Militarization of Police

Trump Used an FBI Graduation Ceremony to Call for Greater Police Militarization

"We are allowing our local police to access surplus military equipment, something the previous administration for some reason refused to do," Trump says. Wrong!


President Donald Trump spoke to local law enforcement officials who completed an 11-week FBI training program, using the occasion call for greater militarization of local police forces.

Trump praised the hard work and dedication of American police officers, thanking them for "doing their duty and doing it properly." Moments later, the president seemed to suggest proper policing includes making use of a great deal of military surplus gear and weaponry.

"We are allowing our local police to access surplus military equipment, something the previous administration for some reason refused to do," Trump said Friday. "Explain that one. Explain it to me, please. Never understood that one. Somebody out there can explain—anybody want to stand up and explain it, that'd be tough."

OK, we'll give it a go.

For starters, Trump's claim that the Obama administration refused to let local police get their hands on military-grade weapons is completely inaccurate. The Obama administration did place some limitations on those transfers following a series of violent confrontations between police and civilians in 2014 and 2015, but those restrictions amounted to tanks and rocket launchers.

In fact, "2014 and 2015 were peak years" for the transfer of military weapons to local police, according to a report published last year by Open The Books, a pro-transparency nonprofit.

The Department of Defense's 1033 program, which transfers military surplus gear to local police, has been around since 1990 and was greatly expanded during the Clinton administration. Since it's origins, more than $5.4 billion in equipment has been transferred from the Pentagon to state and local cops. Police pay nothing for the gear, except for shipping costs.

Since 9/11, America's war on terrorism has seen military budgets skyrocket and created more leftover weaponry and materiel for local law enforcement agencies to snarf up. According to Open The Books, the 1033 program has sent 625 mine-resistant vehicles, 471 helicopters, and 329 armored trucks and cars to local police. Cops have also gotten their hands on rifles, shotguns, sniper scopes, infrared cameras, bayonets and rocket-launchers from the Pentagon's surplus store.

The result? Tanks at Ohio State football games and patrolling Delaware beach towns. A Mother Jones investigation in 2015 found that "law enforcement agencies claimed they needed [mine resistant ambush protected vehicles] to safeguard trailer parks, shopping malls, theme parks, Halloween festivals, and Lambeau Field.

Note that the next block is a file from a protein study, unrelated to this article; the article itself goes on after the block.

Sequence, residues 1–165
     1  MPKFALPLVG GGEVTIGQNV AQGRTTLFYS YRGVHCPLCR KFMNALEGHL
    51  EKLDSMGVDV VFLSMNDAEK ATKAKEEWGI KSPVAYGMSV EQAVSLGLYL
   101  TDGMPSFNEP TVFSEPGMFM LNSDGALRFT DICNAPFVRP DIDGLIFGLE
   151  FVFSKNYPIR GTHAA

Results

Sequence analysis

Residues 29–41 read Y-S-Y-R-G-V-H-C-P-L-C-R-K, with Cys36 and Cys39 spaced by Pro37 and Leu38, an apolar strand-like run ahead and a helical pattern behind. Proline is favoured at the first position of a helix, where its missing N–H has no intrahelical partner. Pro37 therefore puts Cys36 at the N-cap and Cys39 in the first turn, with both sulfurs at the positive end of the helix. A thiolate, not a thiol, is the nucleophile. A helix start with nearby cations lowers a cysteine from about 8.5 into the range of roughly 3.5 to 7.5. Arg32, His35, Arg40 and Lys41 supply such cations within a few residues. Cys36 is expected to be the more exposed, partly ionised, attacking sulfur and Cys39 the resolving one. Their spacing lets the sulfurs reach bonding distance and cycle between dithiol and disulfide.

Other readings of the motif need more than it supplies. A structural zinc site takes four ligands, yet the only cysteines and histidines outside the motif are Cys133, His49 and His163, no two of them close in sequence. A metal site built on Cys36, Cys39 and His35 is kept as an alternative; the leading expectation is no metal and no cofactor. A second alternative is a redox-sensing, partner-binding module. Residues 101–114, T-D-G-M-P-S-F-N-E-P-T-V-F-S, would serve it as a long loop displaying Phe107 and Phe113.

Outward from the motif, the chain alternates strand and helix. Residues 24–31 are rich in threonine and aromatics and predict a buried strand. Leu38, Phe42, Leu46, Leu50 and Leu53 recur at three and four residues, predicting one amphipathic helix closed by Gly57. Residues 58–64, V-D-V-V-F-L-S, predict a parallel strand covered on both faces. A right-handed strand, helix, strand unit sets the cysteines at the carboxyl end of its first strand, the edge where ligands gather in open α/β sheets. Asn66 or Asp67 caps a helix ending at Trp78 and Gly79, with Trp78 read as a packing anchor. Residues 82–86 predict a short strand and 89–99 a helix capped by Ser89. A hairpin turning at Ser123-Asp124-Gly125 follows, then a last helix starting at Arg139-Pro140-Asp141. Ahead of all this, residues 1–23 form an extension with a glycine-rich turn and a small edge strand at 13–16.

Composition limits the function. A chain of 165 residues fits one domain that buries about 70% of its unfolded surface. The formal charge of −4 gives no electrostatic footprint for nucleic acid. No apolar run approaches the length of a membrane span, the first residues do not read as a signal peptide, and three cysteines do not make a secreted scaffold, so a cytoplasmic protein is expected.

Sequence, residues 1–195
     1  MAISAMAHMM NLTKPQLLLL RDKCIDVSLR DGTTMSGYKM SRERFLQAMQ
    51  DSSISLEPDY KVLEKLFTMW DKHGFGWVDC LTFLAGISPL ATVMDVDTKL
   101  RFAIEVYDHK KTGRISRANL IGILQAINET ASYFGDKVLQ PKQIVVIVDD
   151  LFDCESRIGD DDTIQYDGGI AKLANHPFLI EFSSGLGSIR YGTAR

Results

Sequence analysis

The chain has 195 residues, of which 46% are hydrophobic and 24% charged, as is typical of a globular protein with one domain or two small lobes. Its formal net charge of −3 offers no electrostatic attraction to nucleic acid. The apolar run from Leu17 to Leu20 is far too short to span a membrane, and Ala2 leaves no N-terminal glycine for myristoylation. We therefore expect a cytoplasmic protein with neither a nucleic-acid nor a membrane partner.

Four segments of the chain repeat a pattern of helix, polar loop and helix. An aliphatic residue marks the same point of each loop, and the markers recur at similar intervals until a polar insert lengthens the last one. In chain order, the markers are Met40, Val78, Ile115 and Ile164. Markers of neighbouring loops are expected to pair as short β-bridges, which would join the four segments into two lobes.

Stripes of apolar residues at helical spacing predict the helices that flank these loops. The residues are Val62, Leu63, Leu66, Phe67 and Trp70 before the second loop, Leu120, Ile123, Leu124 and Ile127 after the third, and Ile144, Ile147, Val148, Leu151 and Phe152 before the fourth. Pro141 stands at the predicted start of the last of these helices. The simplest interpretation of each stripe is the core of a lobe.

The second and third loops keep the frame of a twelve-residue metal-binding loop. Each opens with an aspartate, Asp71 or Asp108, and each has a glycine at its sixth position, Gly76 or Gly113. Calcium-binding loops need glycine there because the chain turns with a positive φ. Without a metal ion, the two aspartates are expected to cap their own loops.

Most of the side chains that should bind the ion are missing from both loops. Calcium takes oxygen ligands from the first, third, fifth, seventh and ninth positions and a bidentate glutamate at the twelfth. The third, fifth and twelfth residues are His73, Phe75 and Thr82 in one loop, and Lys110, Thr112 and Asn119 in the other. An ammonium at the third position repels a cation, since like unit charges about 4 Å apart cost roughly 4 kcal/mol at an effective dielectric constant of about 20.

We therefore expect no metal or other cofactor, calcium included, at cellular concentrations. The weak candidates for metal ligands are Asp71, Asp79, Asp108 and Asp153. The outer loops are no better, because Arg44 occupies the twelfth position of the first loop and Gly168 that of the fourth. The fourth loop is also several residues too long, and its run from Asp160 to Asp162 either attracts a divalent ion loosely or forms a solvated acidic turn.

Trump talked about rescinding the Obama administration's mostly-useless restrictions on the 1033 program while campaigning for president. In August, he officially repealed them. The ACLU panned the decision and U.S. Sen. Rand Paul (R-Ky.), has introduced a bill to prevent the transfer of "offensive" military surplus like weapons while allowing police to access "defensive" gear like helmets and body armor.

"The militarization of our law enforcement is due to an unprecedented expansion of government power in this realm," Paul said in a statement in August. "It is one thing for federal officials to work with local authorities to reduce or solve crime, but it is another for them to subsidize militarization."

Oversight of the 1033 program during the Obama years was virtually nonexistent. The Government Accountability Office in July reported that it was able to obtain $1.2 million in military gear applying for it as a fictitious federal law enforcement agency.

Kansas City in not Kabul. Birmingham is not Baghdad. And turning police departments into something resembling a standing army does nothing to reduce tensions or engeder public trust. The "warrior" mentality—instilled by modern police training and reinforced with modern arms—escalates threats and increases the likelihood for violent outcomes. Witness the unnecessary and completely inexcusable death of Daniel Shaver at the hands of Mesa, Arizona, police officer Philip Mitchell Brailsford.

In his 20-minute graduation speech, Trump, also called for the death penalty for killing a police officer, accorded some of the loudest cheering. Trump has so far said nothing about Shaver's death or Brailsford's stunning acquittal of all charges.

"With me as your president, America's police will have a true friend and loyal champion in the White House. More loyal than anyone else can be," Trump told the crowd.

It was like a promise from Commander-in-Chief Santa Claus, coming on Chistmas Eve with his bag full of mortars and grenades.